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A Gentle Introduction to SRE

A Gentle Introduction to SRE

Site Reliability Engineer (SRE) is a title that’s becoming more and more mainstream these days. When doing a search on SRE job postings, you will see companies like Google, Facebook, Twitter, LinkedIn, Airbnb, Adobe, Stripe, Yelp, Dropbox, and GoDaddy all trying to hire people for this role.

From the SRE title itself, we can conclude at a high level that their job is about making systems (think software, data, servers or other computing/networking resources) available and reliable to their users. Just like its close cousin, DevOps Engineer, SRE can be a challenging role to recruit for. Let’s dive in deeper to look beneath the surface.

The Origin of SRE

Google coined the term “Site Reliability Engineering” in the early 2000s. The key figure in Site Reliability Engineering is Ben Treynor, who joined Google in 2003 as Site Reliability Tsar and the founder of Google’s Site Reliability team. He has grown the team from 7 people to over 1,500, responsible for Google’s worldwide internal and external network, data centers, hardware operations, as well as Google Cloud Platform.

Traditionally, there had been constant tension and struggles between development teams and operations team. The software development team focuses on creating new features and fixes. They want to deploy their updates in the production systems and make them available to users as soon as possible. The operations team, on the other hand, is a fierce proctor of the availability and stability of the production system. When the system breaks, the operations team is the one who gets calls at night.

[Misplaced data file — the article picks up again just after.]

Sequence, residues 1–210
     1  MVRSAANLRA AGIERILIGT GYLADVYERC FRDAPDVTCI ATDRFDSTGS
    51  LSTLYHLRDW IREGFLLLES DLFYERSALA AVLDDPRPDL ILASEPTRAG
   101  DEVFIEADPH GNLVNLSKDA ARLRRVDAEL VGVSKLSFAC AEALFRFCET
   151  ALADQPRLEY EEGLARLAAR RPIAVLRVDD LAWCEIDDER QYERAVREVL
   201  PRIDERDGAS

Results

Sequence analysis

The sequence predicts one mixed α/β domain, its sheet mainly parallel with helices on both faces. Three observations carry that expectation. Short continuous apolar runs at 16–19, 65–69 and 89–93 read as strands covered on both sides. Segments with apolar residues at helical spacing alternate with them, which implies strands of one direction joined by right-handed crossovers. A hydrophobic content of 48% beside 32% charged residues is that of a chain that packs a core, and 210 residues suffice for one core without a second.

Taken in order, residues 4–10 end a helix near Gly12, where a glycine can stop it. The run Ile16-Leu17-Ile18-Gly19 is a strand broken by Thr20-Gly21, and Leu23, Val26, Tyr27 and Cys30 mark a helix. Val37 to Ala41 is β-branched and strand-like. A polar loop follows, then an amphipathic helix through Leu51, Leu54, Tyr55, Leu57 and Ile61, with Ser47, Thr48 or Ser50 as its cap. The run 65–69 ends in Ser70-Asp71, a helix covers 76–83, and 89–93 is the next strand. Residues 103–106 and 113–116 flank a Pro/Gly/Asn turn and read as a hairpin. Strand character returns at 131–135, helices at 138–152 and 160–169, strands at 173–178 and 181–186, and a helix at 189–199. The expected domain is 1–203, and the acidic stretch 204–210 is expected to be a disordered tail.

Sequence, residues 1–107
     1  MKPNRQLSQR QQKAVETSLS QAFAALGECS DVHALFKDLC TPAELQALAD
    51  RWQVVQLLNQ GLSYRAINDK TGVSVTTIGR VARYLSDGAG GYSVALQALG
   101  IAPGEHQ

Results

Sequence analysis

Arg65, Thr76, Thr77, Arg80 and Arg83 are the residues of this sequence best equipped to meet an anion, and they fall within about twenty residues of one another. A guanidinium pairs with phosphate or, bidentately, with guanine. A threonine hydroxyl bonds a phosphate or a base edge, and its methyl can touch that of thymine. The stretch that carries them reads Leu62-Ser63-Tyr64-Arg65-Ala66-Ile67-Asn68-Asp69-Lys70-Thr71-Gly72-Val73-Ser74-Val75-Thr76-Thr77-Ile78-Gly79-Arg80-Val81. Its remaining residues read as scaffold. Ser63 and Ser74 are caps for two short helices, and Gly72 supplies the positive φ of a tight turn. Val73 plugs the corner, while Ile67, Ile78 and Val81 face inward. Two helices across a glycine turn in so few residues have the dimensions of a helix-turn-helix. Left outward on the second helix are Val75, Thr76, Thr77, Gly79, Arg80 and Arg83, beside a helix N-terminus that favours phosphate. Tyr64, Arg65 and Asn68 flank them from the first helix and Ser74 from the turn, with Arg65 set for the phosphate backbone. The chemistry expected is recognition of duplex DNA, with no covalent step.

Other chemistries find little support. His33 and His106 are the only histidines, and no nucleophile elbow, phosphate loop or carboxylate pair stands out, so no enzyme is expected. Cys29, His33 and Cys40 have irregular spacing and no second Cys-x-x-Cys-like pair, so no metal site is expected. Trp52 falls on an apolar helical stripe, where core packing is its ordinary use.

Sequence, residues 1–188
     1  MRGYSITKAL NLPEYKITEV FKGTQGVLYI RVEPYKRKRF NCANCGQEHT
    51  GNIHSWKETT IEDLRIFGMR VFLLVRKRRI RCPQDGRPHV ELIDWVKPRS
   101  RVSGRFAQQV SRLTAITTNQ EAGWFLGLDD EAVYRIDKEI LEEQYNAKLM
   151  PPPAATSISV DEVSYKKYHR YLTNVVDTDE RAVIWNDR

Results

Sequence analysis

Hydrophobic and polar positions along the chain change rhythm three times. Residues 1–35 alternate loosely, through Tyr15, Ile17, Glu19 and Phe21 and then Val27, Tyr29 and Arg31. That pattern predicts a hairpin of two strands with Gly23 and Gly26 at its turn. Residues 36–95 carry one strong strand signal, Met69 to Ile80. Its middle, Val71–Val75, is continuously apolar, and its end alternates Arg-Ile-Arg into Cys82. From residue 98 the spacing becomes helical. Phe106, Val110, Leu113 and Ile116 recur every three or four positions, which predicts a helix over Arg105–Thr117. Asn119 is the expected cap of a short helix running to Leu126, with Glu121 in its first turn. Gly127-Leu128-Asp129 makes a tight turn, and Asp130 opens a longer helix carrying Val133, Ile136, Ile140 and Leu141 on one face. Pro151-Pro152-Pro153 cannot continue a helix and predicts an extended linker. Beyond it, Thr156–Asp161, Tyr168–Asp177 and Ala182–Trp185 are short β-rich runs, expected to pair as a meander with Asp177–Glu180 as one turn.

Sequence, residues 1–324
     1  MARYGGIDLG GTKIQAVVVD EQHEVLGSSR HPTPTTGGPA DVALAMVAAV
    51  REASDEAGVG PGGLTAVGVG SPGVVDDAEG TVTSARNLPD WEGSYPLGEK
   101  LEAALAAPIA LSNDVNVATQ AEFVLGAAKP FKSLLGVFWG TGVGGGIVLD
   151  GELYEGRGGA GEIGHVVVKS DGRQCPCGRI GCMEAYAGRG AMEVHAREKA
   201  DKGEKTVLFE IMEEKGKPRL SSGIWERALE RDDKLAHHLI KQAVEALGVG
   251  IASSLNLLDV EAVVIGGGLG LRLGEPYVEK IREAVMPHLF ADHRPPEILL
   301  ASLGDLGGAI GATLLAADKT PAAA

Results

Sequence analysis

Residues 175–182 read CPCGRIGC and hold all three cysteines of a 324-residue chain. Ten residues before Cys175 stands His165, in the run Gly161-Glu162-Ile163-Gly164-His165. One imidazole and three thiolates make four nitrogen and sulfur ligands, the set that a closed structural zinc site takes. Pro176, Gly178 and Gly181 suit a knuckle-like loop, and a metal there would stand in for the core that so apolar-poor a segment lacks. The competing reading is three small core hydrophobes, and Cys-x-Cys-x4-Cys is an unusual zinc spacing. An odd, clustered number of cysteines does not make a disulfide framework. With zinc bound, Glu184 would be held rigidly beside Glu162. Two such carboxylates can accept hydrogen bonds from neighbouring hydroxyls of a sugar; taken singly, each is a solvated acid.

In other words, the development team makes frequent changes, wants these changes in the production system, and, inevitably, introduces instability and unreliability. The operations team, prioritizing stability, would push back when the development team attempts frequent and fast changes to something that has been working.

To close the gap between the development team and the operations team so they can better collaborate, Ben Treynor came up with a new approach with his SRE team, to reliably delivery Google’s large-scale applications and massively distributed systems to their hundreds of millions of users.

What is SRE?

Google describes their SREs this way: “We build our own creative engineering solutions to operations problems. Much of our software development focuses on optimizing existing systems, building infrastructure and eliminating work through automation.”